Loosely translated from Greek, the word anastasis means resurrection. It is a fitting title to Dead Can Dance's first studio album since 1996.
Aside from the assorted reunion tours, solo projects and anthologies in recent years, Anastasis brings the Australian duo of Brendan Perry and Lisa Gerrard — the Mulder and Scully of contemporary pop — back to creative life with another fascinating set of tunes that plucks at will from different lands and different centuries. In short, their music is beautifully unclassifiable. If one descriptive word had to be pinned to the group's collective lapel, it would probably need to be otherworldly.
On its acclaimed '80s and '90s albums for the 4AD label, Dead Can Dance created music that surveyed global plateaus. It weaved elements of Eastern ambience, Gregorian chant and richly percussive fabrics from multiple regions. But it was Gerrard who always tipped the stylistic scales into the unknown. She continues to specialize in a style of vocalizing known as glossolalia, in which speech-like sounds are employed in place of words. So to whatever nationality hears the music, the language will sound foreign.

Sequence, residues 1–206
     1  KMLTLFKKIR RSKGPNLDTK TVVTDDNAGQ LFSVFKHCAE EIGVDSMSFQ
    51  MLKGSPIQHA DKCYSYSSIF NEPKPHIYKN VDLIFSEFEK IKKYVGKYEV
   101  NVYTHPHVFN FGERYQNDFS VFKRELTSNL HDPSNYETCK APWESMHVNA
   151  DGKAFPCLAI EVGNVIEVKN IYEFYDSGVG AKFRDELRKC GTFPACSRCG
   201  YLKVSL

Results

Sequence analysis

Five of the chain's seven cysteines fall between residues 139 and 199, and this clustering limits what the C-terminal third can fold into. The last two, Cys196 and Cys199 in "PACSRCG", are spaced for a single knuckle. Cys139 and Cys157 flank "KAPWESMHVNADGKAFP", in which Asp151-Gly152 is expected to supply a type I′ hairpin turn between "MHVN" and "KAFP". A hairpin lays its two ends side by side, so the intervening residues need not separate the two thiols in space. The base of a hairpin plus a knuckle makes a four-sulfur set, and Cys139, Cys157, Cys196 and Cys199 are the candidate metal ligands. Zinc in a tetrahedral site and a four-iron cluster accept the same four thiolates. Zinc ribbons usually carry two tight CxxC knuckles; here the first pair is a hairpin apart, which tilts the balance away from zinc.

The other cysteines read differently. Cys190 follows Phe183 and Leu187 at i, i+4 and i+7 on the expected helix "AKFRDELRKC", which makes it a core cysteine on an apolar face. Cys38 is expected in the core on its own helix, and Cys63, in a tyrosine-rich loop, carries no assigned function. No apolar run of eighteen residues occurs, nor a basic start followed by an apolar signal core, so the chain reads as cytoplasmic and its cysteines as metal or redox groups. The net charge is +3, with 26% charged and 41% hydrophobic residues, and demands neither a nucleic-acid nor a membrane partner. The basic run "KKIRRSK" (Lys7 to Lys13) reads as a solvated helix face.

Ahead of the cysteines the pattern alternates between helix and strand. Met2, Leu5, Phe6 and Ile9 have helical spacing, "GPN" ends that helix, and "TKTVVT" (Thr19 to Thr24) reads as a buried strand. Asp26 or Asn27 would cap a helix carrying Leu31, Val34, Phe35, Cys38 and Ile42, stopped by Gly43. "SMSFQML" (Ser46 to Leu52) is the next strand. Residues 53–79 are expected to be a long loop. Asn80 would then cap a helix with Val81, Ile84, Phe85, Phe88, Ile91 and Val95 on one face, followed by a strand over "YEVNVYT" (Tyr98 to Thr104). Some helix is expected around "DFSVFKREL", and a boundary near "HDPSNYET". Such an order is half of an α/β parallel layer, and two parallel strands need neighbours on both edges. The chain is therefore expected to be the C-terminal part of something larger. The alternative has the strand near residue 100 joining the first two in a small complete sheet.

Curiously, Anastasis keeps Gerrard in check at first by letting Perry have the vocal reign on the more conventional, English-language album opener Children of the Sun. Here, synths calmly ride in like medieval brass before a percussive roll that is half-militaristic and half-incantatory sets up a majestic sweep of pseudo-strings. The lyrics might be a touch on the celestial side, but the music is grand and transportive.
Gerrard then enters for Anastasis' title tune amid jungle-like giggles of electronics and modest percussive chants before a chiming keyboard melody glides in to pull the music's sense of Eastern intrigue into the Orient. Her singing, set slightly back in the mix and soaked in reverb, has raga-like solemnity one moment and operatic splendor the next.
The following song, Agape, settles into a Middle Eastern sway buoyed by a looped, contemporary groove. Gerrard's vocals, full of sage-like calm that seem a few steps removed from serenity, float above the music like a dispossessed spirit.
The concluding tune, All in Good Time, brings such fascination back to earth, but in the process, it sends us to another age of literal and metaphorical shipwrecks from the mysterious region of the North Atlantic called the Sargasso Sea. Perry wails with might for the plight of lost souls and the personal will for patience, while the melodies move at an elegant but glacial pace.
"Turn back your clocks, open up your memories," he sings as the keyboard orchestration swells with the drama of a latter-day Peter Gabriel album. That, in essence is what Dead Can Dance does with utmost grace on Anastasis. May its resurrection continue.